A preliminary hearing for three teens suspected of beating and robbing an elderly man got under way Thursday.
The preliminary hearing for Daniel Vivier, 17, Trey Irvin, 18, and Grant Johnson, 17, began with the state, represented by Assistant District Attorney Jim Tillison, calling the victim, Claude Arterburn.
The 86-year-old Arterburn, mostly recovered from his injuries, walked unassisted to the witness chair.
Authorities said Arterburn was found beaten Jan. 18 at his home with a baseball bat and stabbed several times in the face and left hand.
Deputies found Arterburn after an Ada police officer conducted a traffic stop on Johnson who was reportedly driving Arterburn’s pickup.
According to a court affidavit, Vivier reportedly told authorities the three went to burglarize the house and implicated Irvin as the one who committed the beating with a baseball bat.
Tillison spent the morning confirming evidence confiscated by sheriff’s deputies belonged to Arterburn and establishing he did not give anyone permission to enter his home or take his vehicle.
Arterburn described the extent of his injuries, saying he still suffers from diminished vision and hearing. He also has problems moving his left hand, which authorities said was injured during the beating.
Arterburn, asked what he remembered the evening he was attacked, said he only remembered going to sleep and waking up in the hospital several days later.
He told the court he did not remember the beating and did not recognize the three defendants.
Arterburn said he makes his living by building and selling dog houses and buying salvage items cheaply, repairing them and then selling them for a profit.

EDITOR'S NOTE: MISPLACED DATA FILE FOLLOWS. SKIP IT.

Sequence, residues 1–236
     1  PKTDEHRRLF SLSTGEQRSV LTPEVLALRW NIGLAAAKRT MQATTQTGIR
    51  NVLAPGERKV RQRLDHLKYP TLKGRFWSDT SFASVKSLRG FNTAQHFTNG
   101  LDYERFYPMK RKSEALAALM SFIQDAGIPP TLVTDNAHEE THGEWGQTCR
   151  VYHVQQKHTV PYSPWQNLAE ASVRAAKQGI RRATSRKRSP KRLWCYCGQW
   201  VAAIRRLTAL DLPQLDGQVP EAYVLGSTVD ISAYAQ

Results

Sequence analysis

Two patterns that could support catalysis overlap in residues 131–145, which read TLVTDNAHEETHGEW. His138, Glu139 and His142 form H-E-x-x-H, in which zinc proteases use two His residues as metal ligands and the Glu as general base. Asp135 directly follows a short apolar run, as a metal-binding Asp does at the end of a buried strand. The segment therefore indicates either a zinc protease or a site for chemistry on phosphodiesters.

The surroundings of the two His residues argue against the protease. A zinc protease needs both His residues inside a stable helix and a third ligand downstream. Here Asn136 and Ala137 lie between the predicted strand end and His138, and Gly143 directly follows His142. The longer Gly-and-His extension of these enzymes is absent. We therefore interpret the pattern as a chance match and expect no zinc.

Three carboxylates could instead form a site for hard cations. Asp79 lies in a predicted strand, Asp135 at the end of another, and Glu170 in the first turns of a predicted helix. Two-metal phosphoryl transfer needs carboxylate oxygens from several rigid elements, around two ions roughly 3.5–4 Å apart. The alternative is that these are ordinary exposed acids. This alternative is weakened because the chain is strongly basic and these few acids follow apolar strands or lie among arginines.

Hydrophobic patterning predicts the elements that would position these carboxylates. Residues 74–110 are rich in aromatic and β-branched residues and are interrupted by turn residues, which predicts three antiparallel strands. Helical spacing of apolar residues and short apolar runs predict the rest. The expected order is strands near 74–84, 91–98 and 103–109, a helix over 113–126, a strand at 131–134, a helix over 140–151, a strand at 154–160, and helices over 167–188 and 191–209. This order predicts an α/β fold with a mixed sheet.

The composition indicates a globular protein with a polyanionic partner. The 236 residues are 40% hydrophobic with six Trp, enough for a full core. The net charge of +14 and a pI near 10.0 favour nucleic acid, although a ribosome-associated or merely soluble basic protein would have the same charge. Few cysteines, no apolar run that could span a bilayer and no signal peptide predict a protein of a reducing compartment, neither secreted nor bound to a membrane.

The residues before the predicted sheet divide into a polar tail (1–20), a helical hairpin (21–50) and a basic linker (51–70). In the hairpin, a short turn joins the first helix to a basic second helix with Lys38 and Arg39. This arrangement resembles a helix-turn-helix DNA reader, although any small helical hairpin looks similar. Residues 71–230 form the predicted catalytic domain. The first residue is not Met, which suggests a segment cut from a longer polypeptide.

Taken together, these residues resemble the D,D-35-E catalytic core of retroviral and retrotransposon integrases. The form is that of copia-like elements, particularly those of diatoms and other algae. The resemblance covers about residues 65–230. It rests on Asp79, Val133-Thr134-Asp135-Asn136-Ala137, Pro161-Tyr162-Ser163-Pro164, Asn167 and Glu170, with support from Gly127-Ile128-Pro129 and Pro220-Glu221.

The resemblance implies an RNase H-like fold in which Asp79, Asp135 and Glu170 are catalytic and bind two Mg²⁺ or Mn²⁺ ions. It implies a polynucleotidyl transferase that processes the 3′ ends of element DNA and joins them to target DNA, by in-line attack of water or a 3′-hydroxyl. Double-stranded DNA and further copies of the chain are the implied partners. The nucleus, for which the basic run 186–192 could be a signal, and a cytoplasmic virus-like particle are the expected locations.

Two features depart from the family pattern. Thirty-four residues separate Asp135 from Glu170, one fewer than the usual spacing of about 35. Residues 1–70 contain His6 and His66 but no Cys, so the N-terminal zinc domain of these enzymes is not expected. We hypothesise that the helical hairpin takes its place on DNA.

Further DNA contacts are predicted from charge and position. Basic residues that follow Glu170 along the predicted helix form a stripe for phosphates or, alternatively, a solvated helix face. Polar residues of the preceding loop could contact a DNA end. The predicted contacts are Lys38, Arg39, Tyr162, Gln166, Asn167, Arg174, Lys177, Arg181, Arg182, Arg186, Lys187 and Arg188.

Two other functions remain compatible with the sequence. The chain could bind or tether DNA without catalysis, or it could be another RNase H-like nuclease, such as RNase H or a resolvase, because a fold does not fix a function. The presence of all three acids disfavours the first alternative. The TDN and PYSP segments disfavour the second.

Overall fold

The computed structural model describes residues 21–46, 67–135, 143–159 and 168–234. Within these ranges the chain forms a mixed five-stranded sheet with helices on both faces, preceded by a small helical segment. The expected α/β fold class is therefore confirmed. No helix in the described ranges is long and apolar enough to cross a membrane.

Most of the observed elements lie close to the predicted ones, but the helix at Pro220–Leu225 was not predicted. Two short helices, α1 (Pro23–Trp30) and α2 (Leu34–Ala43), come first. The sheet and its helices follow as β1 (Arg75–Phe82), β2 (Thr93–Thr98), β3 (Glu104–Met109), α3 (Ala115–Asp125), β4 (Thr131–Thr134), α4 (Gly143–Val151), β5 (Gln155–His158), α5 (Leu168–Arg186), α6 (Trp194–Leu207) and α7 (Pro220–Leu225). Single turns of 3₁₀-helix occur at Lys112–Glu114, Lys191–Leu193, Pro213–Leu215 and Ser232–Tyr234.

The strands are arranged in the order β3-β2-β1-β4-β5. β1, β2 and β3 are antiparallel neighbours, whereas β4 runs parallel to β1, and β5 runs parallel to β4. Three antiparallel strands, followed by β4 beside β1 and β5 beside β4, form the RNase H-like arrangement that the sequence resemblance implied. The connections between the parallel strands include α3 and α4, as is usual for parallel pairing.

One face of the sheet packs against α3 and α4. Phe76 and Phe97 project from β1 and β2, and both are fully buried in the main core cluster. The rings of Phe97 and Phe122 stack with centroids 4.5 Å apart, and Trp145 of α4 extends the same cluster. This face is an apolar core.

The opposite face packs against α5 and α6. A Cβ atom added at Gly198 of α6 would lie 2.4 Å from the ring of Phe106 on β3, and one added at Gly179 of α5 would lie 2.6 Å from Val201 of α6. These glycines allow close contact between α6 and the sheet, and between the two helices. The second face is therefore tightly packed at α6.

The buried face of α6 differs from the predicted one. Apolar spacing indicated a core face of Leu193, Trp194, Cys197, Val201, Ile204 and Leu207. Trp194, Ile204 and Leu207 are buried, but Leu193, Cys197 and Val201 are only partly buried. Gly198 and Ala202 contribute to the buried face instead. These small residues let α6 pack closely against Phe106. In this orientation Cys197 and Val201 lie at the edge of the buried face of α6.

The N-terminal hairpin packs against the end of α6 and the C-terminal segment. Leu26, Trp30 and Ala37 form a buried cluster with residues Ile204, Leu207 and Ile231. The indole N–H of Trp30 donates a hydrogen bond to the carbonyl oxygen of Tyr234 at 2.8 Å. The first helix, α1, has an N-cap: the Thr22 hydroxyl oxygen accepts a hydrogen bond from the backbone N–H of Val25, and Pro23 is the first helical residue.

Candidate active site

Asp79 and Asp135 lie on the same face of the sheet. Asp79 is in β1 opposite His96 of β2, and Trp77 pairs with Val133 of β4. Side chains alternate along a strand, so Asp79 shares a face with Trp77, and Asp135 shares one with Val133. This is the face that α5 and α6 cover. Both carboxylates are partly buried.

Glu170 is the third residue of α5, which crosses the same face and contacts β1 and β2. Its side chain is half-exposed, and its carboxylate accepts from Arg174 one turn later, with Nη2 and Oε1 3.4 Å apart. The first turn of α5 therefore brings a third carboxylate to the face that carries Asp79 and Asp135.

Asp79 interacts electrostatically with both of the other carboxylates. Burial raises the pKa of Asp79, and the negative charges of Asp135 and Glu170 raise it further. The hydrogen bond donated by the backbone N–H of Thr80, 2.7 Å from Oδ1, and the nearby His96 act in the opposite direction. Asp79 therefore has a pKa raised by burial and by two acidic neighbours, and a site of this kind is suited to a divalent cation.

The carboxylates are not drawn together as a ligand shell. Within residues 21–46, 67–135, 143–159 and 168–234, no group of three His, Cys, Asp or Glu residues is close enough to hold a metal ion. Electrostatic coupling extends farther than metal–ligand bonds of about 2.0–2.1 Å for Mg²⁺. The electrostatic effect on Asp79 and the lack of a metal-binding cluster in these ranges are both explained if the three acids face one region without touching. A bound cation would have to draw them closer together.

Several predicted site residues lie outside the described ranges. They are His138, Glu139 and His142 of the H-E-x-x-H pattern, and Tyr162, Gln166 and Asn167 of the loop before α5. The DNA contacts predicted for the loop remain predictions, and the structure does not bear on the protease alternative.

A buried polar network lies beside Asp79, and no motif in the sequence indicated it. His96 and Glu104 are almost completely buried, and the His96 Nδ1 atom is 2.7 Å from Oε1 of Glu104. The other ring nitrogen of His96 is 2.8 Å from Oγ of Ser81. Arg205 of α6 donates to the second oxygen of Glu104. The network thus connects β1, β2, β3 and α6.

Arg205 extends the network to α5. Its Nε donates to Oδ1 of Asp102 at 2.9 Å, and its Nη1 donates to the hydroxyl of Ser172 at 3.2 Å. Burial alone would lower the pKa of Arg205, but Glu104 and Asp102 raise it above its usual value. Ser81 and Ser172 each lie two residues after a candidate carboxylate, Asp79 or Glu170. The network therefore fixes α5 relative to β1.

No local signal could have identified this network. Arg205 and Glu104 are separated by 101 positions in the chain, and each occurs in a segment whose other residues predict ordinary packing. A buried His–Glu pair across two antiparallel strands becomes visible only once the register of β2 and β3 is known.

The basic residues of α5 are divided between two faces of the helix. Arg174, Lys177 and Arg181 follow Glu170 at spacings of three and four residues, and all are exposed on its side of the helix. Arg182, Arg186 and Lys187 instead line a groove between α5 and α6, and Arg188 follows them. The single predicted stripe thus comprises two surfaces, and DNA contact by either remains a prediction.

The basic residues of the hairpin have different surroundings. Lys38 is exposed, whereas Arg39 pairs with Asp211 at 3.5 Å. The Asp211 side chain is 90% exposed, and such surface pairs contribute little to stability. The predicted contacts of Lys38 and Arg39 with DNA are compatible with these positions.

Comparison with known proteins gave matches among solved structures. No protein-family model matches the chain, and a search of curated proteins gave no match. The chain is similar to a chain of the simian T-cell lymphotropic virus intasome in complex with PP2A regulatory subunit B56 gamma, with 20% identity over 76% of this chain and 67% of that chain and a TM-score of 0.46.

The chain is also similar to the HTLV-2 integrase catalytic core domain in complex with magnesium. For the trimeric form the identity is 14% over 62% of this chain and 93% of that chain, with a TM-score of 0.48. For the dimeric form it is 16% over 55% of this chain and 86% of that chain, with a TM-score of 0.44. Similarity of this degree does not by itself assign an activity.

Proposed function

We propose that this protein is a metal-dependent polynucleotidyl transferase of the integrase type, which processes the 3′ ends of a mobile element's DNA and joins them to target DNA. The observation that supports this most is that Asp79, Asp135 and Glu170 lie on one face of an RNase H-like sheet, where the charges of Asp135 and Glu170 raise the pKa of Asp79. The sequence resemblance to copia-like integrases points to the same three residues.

Authorities said Arterburn was known for keeping large amounts of cash on hand and had been the target of thieves in the past.
Arterburn said due to injuries he received in the beating, he is unable to build or repair things anymore and has not returned to the home he lived in since 1988.
Asked if he recognized the defendants, Arterburn looked at all three and said, “No I do not.”
Tillison introduced a knife into evidence, but Arterburn said he had many knives and could not say for sure whether the knife was his.
Defense attorneys did not question whether or not Arterburn was beaten, but did ask whether he knew for sure the defendants commited the crime.
“Do you know whether Trey Irvin took your stuff?” Gordon Melson, Irvin’s attorney, asked.
Arterburn said he did not, only what authorities told him about the investigation.
The hearing was postponed when Melson had to leave for a legal hearing in Oklahoma City just before noon.
Judge Steven Kessinger set a continuation for April 25 at 8:30 a.m. The defendants remain at Pontotoc County Justice Center without bond.